Saturday, March 7, 2009

The Surgeon of His Honour, by Calderon de La Barca, translated by Roy Campbell

My brother is working on a Master's degree with Spanish literature as his specialty. He has a looooooong list of books to read and I suggested that he send me some titles to read and discuss with him. Of course he reads them in Spanish and I have to make do with English translations, but at least I'll have a basic idea of the plot right?

I only vaguely remember some Spanish playwright names from my theater history classes but this was the first time I had actually read a Spanish play (1635 if you were wondering).

A man named Gutierre is married to Mencia. Mencia, prior to her marriage, had been in love with Prince Henry, brother to King Pedro. Prince Henry was off fighting so much that Mencia's father arranged her marriage to Gutierre. Gutierre had been engaged to a Leonor before marrying Mencia, but broke off the engagement when he saw another man (Prince Henry's buddy, Arias) at her house. He assumed the worst, that she was having an illicit affair, and jilted her. There was actually nothing going on, Arias had been looking for another woman entirely; he just got lost and was there with Leonor when Gutierre stumbled in.

Maintaining personal honor, even through deceitful means, is paramount to just about every character in the play. Apparently honor was a major theme in Spanish plays at that time.

When the play begins, Prince Henry falls off his horse and is knocked senseless. His servants take him to the nearest estate to recover, which so happens to be Gutierre's house that he shares with his wife Mencia. Mencia is home alone when the Prince is brought in unconscious. Mencia worries about what the Prince might say if he discovers who she is, and she worries how her husband reacts if he finds out that the Prince had been in love with her before they were married. The Prince wakes up, and tries to rekindle the relationship, unaware at first that she is married. Once he realizes, he is torn up at the thought of losing her, but knowing that her honor must be maintained, he leaves as soon as a horse can be found for him, but not before Gutierre comes home. Gutierre greets the Prince pleasantly and offers his own horse when the Prince refuses to stay the night. After the Prince leaves, Gutierre tells his wife that he must pay his respects to the King, who has come to a nearby city. She laments that he must leave her, but he assures her he would rather stay with her and only departs because he must pay obeisance to the King as a noble should.

What follows is a slew of misunderstandings. The Prince comes to visit Mencia; she protests and tells him he can't see her anymore because it will ruin her honor. She's married, adultery isn't allowed, neither is the appearance thereof. She attempts to hide him when the husband comes home, and her nervous behavior makes the husband think something is wrong, and he proceeds to investigate in the coming days.
He concludes that his wife HAS been unfaithful, and must die, but he'll be generous and let her have a couple of hours to sort things out with God so her soul won't go to hell.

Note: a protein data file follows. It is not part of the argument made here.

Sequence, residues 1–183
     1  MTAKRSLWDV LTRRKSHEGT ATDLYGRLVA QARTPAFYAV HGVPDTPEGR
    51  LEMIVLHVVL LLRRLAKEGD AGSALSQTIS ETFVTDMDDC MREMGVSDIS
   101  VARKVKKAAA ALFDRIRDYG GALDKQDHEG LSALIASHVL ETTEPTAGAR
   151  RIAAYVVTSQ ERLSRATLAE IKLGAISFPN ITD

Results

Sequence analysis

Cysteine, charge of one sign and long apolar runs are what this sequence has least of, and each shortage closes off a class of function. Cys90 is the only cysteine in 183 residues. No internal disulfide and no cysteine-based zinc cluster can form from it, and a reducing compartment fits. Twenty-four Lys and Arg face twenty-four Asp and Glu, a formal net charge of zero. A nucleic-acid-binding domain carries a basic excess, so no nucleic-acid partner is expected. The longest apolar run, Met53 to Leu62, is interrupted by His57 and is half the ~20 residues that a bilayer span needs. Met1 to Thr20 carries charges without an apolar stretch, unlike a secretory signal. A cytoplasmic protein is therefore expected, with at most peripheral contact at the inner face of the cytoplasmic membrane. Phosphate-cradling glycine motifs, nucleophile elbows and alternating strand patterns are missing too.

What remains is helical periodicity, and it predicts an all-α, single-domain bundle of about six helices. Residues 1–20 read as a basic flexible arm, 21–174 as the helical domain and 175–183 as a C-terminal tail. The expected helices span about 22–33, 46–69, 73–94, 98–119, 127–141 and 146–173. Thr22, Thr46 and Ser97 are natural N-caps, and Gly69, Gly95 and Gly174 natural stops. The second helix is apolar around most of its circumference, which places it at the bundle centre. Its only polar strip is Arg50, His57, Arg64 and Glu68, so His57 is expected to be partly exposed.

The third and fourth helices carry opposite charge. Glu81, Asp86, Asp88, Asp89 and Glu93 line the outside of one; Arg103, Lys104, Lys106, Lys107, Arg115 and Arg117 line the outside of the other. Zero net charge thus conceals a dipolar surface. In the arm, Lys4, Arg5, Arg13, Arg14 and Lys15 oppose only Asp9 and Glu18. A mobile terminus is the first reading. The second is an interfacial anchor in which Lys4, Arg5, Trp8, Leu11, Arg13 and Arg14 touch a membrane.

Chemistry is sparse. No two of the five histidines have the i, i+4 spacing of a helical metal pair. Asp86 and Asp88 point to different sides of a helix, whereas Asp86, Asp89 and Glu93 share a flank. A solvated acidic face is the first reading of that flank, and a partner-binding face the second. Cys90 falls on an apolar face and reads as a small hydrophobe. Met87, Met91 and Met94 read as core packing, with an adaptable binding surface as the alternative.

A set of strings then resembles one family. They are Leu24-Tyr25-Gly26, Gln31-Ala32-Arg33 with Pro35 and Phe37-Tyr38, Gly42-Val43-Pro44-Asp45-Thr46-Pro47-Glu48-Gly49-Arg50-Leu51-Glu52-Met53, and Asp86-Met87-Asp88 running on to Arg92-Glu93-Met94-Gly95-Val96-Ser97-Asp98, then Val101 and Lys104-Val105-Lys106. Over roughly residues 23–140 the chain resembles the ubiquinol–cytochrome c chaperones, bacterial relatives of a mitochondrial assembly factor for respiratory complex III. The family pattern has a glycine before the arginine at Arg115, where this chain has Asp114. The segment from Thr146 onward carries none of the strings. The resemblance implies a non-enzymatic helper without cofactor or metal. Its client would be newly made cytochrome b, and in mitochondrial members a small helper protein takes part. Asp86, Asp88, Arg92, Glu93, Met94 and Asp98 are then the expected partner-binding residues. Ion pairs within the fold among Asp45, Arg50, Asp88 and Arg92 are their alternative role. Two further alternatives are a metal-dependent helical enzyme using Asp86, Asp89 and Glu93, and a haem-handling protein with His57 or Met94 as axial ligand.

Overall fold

The King has had to sort out the claim of Leonor, a woman Gutierre had loved before, that Gutierre impeached her honor when he jilted her. The King can't have Gutierre marry Leonor because he is already married. Gutierre does come to the King to complain about the Prince seeing his wife, but the Prince ends up going into exile instead. Gutierre knows he can't ask the Prince for a duel, seeing how he is royalty and all, which puts all the more importance on punishing his wife to restore his own honor.

In the end, Gutierre has a barber "bleed her" as if for a disease, a common "cure" in the Middle Ages, and threatens the barber with death unless he lets her bleed to death. The barber complies, (blech) and Gutierre starts to lead him out of the city to slay him so the barber doesn't talk. They run into the King however, and Gutierre runs back to his house to play the mournful husband over the accidental death of his wife. The King puts two and two together and lets Gutierre know that he knows what was done and why - and doesn't punish him. The King insists that Gutierre marry Leonor to satisfy her honor and then never speaks of Mencia's death again.

This idea of Spanish honor, maintained through deceit and murder, is certainly a foreign idea to me. The slaying of an innocent wife because the husband "thought" she was being unfaithful is reprehensible, and I think that is what the playwright was trying to show. Apparently Calderon wrote many of these kinds of "honor" plays, although they are certainly not the only genre he was known for. Being a court playwright, there were many other shows that he wrote, both by himself and in collaboration with others. I'm interested in reading one of his autos - a biblical story performed on the street for people coming out of Mass on high holy days. One critic has suggested these works were where he excelled, adapting any story, even Greek mythology, into an auto.

I guess by modern standards, it's quite a tame little story. We've seen more gruesome murders on television.

1 comment:

  1. Great job! I'm also getting my masters in Spanish literature. Read "La vida en sueno" by Calderon. That's his most famous play!


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